Let’s end the post with a fun one. I’m sure you’ve all seen those messages or jokes that appear on Slack as it’s loading (it’s a thing). It can be fun to have that unusable time filled with something delightful.

Well, this is kinda like that, except that it’s not appearing during a loading sequence, it’s just straight up thrown in the face of your visitors. Because we need to experiment, people!!!!!!!!!

For bonus points, only show this to folks who have the cookie set in example #2 – “The Website Login Hijack” cos they’re customers and might appreciate it.

To do this, I took Unbounce co-founder and Chief Product Officer, Carter Gilchrist’s pet project “Good Bad Jokes” and embedded a random joke into an iframe in a popup. Boom!

Fair warning, some of these jokes are a little NSFW.

Click here for your Joke Of The Day.


Now go back to the top and try the augmented reality example again, and then share it on your preferred social network because it’s awesome, and that’s an awesome way to do business!

Cheers my dears,
Oli

Original source – 

5 Mind-blowing Use Cases for Website Popups You’ve Never Considered (Includes Augmented Reality)

5 Legitimately Cool Use Cases for Website Popups You’ve Never Considered (Includes Augmented Reality)

Okay, so perhaps only one of these use cases will blow your mind, but it’s worth risking being labeled as click-bait to get this in your hands. Read on for the coolest things you can do with website popups. Ever. Including augmented reality. Yup.

Example #1: The Augmented Reality Customer Postcard

Alright, people. Prepare to have your minds blown. This example comes from one of our designers, and chief hackers, at Unbounce, Luis Francisco.

Imagine the image below is a postcard you sent to your customers.

They visit the URL printed on it, and then this happens!

Watch me blow my own mind

Try it yourself

Note: This demo uses your laptop’s camera (it won’t work without one). Follow these instructions to see how it works!

  1. Print out the postcard image (opens in new tab)
  2. Open this landing page (opens in new tab)
  3. Grant access to your camera when asked by the browser.
  4. Hold the postcard in front of your camera to see the magic! (Stand a few feet back).

Example #2: The Website Login Hijack

35% of all visitors to Unbounce.com are only there to log in to the app. You read that correctly. Thirty-five percent. You can see the details in this GA screenshot from the month of January 2018.

This is an incredibly common thing for SaaS businesses, where customers will visit the homepage to click the login link. You’ll want to create a segment in Google Analytics for this, so you can remove it from your non-customer website behavior analysis.

It’s a huge opportunity for product marketing.

If you drop a cookie on your login screen that identifies the visitor as someone trying to log in, you can then use the cookie targeting built into Unbounce to target returning account holders with a website popup containing new product release info, along with a large login link that makes their experience even easier.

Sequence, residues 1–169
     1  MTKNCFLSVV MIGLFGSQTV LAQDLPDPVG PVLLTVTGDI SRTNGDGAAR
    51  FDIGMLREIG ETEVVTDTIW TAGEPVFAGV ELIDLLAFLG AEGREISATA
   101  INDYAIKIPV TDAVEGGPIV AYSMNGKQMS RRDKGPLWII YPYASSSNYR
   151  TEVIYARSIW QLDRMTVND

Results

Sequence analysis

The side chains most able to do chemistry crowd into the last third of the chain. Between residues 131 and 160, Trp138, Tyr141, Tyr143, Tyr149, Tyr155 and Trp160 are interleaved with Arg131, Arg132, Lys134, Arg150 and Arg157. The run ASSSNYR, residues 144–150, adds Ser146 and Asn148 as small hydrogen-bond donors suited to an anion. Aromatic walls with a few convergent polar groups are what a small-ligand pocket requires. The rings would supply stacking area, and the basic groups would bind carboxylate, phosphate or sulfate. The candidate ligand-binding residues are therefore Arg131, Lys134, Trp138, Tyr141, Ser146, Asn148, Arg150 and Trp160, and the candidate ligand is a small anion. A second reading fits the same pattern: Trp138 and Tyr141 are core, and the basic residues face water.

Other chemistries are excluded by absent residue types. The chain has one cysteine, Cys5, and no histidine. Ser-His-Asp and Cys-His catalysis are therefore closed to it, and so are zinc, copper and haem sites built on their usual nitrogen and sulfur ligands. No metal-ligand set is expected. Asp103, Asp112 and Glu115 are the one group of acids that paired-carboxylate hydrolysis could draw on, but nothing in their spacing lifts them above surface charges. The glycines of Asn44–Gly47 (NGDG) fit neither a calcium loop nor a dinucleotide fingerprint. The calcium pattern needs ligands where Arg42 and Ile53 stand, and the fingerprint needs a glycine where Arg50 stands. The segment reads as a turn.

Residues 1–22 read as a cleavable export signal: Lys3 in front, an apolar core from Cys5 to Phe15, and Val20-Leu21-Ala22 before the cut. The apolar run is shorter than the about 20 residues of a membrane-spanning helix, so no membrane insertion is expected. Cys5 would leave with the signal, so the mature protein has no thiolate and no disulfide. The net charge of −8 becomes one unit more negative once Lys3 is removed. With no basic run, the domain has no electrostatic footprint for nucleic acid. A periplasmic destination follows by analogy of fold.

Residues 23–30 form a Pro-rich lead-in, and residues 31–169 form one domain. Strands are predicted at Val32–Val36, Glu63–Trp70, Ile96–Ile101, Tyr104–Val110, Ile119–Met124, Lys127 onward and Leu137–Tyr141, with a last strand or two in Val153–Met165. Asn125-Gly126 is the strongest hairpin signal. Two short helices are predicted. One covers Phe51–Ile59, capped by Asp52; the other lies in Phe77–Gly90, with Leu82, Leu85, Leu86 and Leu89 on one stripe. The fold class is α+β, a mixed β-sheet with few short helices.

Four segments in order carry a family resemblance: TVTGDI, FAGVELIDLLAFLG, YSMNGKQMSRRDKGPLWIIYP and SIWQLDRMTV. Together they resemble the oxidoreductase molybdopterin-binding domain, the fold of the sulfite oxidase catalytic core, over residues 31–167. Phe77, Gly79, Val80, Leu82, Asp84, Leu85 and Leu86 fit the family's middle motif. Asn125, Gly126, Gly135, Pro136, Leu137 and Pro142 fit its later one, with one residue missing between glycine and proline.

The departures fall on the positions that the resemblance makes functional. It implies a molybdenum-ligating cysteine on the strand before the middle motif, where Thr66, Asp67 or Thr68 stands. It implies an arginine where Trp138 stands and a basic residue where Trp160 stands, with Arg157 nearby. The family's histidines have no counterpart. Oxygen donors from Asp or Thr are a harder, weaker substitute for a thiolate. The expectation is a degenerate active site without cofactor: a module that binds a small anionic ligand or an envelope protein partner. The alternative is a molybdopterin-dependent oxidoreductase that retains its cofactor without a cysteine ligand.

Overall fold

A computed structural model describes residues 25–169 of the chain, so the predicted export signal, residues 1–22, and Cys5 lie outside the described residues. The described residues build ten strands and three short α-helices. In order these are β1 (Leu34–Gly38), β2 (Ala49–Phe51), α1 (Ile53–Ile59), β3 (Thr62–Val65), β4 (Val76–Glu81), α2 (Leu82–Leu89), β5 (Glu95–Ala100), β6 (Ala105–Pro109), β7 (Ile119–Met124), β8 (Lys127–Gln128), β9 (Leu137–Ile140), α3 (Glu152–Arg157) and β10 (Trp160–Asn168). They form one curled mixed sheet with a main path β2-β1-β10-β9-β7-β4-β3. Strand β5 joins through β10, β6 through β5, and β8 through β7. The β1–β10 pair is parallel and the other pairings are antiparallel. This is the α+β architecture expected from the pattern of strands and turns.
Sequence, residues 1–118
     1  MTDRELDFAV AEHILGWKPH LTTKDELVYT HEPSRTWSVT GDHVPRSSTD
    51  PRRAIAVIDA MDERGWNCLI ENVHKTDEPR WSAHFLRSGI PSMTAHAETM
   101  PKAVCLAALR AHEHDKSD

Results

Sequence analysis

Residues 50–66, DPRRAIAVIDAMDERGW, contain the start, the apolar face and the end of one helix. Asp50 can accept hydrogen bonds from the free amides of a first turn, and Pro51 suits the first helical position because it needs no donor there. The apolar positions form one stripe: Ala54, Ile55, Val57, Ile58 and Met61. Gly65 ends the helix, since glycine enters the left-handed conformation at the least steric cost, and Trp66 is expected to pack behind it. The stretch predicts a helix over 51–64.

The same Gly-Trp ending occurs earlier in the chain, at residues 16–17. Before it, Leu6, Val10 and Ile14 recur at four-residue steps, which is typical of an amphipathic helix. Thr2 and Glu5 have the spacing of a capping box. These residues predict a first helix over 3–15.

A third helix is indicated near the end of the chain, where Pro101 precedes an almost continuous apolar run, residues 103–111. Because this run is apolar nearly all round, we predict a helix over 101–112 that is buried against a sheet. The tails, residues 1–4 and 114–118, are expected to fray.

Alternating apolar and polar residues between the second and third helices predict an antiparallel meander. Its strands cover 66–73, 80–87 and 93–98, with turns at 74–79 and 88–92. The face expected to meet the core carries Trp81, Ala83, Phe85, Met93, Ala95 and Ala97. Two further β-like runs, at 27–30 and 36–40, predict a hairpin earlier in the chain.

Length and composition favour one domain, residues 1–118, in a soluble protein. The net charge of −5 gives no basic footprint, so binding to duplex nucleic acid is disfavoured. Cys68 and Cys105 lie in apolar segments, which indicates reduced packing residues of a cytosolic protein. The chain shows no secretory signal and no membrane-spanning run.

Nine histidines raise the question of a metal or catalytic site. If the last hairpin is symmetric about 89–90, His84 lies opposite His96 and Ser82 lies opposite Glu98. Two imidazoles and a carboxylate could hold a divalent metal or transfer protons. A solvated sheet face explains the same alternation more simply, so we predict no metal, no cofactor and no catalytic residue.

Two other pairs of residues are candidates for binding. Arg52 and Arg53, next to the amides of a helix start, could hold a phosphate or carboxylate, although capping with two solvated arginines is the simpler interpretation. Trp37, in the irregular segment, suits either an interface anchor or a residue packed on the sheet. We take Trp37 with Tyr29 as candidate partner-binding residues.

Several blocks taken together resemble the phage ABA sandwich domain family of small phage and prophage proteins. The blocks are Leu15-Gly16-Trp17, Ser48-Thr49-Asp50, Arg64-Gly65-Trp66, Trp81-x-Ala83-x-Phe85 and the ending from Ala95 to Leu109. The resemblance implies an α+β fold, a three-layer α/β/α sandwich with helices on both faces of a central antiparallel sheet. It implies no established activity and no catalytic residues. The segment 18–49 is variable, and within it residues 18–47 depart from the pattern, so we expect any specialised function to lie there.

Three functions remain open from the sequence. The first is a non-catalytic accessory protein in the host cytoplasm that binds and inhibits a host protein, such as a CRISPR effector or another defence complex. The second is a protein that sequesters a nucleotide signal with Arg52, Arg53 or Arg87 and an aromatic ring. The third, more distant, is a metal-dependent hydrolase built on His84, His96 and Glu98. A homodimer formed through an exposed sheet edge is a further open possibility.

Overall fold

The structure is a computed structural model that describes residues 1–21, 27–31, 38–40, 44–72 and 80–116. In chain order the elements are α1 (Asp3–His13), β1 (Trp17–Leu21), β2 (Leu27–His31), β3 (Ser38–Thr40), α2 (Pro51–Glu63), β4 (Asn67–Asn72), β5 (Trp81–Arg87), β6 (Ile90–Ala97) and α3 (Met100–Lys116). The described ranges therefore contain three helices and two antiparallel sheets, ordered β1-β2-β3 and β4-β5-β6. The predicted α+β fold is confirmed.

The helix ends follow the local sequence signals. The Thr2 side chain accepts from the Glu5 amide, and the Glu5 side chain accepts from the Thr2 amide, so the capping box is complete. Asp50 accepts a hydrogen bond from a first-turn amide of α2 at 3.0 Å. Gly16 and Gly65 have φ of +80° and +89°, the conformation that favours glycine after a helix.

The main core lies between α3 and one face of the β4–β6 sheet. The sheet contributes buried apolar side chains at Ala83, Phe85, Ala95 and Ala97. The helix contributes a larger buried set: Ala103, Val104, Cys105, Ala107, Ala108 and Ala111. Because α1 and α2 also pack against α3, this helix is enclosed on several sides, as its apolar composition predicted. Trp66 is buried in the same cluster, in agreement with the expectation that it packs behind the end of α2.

Click here or the image below to see an example popup.

Example #3: Social Referral Welcome

Are you doing as much as you can to convert your visitors from social? Probably not, but that’s okay. For this idea you can add an extra level of personalization by detecting the referring site (an Unbounce popup feature) and present a welcome experience relevant to that source.

You can take it a step further and have custom URL parameters on the social link that populate the popup with relevant content.

This is made possible by the Dynamic Text Replacement feature in Unbounce.

Check out the Tweet below. When I shared the blog post on Twitter, I added a URL parameter to the end of the URL so it reads:

https://postURL/?postTitle=“Maybe Later” - A New Interaction Model for E-commerce Entrance Popups

Try clicking the link in the Tweet. It will take you to our blog, and will show you a popup that’s only triggered when the referrer is Twitter (specifically a URL that contains t.co which is the Twitter URL shortener).

This is a really powerful way of connecting two previously disparate experiences, extending the information scent from one site to another. All without writing a single line of code.

Example #4: Preferred Social Network Share Request

If someone comes to you from twitter it’s a strong signal that Twitter is a social network of choice – or at least somewhere where they look for and respond to, socially shared content. As such you can give them a customized tweet ready for that network when they’ve demonstrated some engagement with your blog.

Using the referrer URL targeting option in Unbounce you can easily detect a visit from Twitter, Facebook, LinkedIn etc. Which is what I showed you in the previous example.